As indicated, source code 504 includes an initialization instruction 510 that initializes a loop variable x of a processing loop 512 to an initial value (e.g., 0). In processing loop 512, source code 504 includes a LOAD command 514 that specifies a dataset (e.g., a first array or database) to be loaded from a memory hierarchy and one or more commands represented by PROCESS command 516 that specify processing to be performed on the dataset. Processing loop 512 further includes instruction 518, which increments the loop variable, and a BRANCH command 520 that causes processing loop 512 to iterate if the loop variable has not attained a terminal value (represented by variable y).

Referring now to FIG. 6, there is depicted a high level logical flowchart of an exemplary process by which program code, such as compiler 500, processes pre-processed code, such as source code 504, to obtain post-processed code, such as object code 506. As with the other logical flowcharts presented herein, the illustrated operations are depicted in a logical rather than chronological order. Consequently, in many cases, certain of the operations shown may be performed concurrently and/or in a different order than that illustrated. The illustrated process can be performed, for example, as part of the code optimization operations of compiler 500.

As shown, the process begins at block 600 and then proceeds to blocks 602-604, which depicts compiler 500 scanning a section of source code 504 to detect termination of processing of a dataset. For example, in exemplary source code 504 the end of processing of a dataset may be detected when the end of an iteration of processing loop 512 is reached. If compiler 500 fails to detect the end of a processing of a dataset in the current section, the process passes to block 612, which illustrates compiler 500 determining whether its scan of source code 504 is complete. If so, the process illustrated in FIG. 6 terminates at block 614. If, however, compiler 500 determines at block 612 that its scan of source code 504 is not complete, the process returns to block 602, which has been described.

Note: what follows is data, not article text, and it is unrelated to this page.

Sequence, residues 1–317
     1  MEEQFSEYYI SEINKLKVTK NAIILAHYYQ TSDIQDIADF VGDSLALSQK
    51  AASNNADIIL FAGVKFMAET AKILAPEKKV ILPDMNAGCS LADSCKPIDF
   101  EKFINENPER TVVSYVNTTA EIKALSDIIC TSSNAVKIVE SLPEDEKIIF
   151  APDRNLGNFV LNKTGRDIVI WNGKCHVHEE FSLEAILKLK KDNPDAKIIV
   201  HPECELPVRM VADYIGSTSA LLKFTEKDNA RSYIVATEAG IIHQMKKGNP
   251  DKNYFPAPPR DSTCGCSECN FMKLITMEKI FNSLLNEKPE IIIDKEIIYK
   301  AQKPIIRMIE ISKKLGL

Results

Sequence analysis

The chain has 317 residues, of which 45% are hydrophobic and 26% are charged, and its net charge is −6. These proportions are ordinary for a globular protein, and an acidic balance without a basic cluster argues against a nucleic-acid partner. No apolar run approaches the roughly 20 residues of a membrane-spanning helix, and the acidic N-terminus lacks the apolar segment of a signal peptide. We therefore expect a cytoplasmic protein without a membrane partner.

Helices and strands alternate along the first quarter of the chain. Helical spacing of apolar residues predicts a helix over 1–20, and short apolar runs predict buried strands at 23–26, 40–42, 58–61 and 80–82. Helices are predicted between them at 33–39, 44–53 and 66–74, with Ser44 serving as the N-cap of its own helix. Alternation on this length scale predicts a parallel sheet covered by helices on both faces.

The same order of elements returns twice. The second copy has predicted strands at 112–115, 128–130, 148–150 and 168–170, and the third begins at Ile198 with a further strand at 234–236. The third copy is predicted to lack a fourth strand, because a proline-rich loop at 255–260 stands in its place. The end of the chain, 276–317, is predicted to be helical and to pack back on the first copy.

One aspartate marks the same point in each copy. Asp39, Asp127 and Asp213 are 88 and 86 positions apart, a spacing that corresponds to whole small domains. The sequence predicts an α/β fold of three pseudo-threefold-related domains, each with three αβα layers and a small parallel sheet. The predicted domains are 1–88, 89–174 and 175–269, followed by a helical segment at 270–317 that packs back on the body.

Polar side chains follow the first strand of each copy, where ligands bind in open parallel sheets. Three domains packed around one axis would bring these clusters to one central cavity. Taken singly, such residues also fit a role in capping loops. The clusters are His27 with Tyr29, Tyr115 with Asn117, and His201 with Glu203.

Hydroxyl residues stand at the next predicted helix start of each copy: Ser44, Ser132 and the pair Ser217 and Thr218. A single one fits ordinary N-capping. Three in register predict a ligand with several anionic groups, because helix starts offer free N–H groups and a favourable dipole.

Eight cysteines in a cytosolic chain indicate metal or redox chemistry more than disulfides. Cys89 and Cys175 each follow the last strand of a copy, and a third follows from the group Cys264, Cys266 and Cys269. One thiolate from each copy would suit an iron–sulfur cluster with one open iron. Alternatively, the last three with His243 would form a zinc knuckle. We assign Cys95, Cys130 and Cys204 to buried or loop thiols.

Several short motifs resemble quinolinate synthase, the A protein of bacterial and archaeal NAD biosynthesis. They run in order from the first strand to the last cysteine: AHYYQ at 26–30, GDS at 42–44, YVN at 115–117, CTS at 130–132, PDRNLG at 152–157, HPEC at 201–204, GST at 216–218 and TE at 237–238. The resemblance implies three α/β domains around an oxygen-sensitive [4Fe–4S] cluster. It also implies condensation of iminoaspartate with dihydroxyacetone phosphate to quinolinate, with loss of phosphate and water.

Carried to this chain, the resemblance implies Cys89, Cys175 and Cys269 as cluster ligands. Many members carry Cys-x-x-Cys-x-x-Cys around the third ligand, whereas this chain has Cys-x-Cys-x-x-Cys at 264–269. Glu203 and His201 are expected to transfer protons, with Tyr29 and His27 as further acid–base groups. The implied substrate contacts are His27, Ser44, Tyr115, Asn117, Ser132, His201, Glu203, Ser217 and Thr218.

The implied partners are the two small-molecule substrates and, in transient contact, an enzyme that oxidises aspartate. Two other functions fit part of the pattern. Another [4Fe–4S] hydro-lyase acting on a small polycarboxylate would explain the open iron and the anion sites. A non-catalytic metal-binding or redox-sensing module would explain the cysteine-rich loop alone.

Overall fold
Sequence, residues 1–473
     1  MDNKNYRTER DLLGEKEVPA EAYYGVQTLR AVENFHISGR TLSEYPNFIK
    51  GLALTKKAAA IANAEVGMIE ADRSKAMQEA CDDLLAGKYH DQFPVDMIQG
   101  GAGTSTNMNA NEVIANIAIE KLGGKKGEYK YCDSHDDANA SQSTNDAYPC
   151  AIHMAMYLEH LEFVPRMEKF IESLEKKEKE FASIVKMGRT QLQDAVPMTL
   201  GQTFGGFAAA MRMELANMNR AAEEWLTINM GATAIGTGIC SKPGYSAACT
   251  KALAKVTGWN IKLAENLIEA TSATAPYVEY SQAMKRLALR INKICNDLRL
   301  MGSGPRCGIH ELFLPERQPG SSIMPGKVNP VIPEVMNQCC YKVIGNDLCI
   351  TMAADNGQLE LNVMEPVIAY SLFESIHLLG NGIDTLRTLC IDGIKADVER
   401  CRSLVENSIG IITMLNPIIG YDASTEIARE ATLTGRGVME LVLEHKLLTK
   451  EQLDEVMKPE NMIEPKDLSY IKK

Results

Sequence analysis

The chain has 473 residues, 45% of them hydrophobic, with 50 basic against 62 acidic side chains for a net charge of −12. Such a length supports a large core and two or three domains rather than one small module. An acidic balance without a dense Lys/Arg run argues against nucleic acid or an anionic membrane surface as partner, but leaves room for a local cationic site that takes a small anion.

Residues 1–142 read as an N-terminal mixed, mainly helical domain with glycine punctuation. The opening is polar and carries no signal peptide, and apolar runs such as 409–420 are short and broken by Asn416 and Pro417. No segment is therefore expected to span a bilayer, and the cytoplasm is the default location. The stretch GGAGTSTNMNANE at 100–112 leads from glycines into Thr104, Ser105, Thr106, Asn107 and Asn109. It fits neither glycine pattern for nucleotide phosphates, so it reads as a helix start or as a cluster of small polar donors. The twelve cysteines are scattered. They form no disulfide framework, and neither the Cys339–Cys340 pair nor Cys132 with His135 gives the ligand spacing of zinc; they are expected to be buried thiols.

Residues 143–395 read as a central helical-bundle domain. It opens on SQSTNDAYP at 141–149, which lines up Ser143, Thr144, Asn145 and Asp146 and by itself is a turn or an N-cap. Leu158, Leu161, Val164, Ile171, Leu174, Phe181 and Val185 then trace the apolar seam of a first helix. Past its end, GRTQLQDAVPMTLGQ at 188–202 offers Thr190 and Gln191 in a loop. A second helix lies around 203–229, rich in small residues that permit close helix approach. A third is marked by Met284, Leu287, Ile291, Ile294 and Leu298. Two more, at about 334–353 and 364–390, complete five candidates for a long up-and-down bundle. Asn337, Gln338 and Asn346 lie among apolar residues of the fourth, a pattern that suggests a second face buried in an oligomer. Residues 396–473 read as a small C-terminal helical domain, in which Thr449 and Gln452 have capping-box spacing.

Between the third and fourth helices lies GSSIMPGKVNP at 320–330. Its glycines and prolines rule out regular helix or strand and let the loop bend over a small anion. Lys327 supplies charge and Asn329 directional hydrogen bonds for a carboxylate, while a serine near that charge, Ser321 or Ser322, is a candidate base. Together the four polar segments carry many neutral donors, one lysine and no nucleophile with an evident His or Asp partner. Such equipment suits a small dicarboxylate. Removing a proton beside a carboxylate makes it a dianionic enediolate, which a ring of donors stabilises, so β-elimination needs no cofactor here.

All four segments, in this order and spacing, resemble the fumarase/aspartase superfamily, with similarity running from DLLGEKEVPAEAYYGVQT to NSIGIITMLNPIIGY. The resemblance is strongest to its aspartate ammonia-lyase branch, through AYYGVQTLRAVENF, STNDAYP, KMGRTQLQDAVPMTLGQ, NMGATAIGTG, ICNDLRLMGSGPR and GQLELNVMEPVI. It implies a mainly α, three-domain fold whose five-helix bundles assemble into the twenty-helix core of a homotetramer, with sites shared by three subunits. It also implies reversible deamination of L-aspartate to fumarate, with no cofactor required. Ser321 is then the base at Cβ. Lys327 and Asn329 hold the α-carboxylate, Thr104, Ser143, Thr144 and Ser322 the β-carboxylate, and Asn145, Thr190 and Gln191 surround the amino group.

Referring again to block 604, in response to compiler 500 detecting the end of processing a dataset, compiler 500 inserts into object code 506 one deallocate instruction (referred to herein as a Data Cache Block Deallocate (DCDB)) for each cache line in the dataset that has completed processing. Following block 610, the process passes to block 612, which has been described.

Referring again to FIG. 5, the exemplary portion of object code 506 depicted in FIG. 5 includes a first load sequence 530 of multiple load (LD) instructions generated by compiler 500 to implement the initial iteration of LOAD command 514. As indicated, load sequence 530 loads the n+1 elements of Dataset0 from system memories 108 into the registers and cache hierarchy of a processor core 202. Following load sequence 530, compiler 532 has included in object code 506 one or more instructions 532 that implement the processing represented by PROCESS command 516. Thereafter, as described with reference to block 610, compiler 500 inserts into object code 506 a deallocation sequence 534, which preferably includes a deallocate (e.g., DCBD) instruction for each of the n+1 elements of Dataset0. Thereafter, compiler 500 inserts a second load sequence 536 including multiple LD instructions to implement the next iteration of LOAD command 514 by loading the n+1 elements of Dataset1 from system memories 108 into the registers and cache hierarchy of a processor core 202.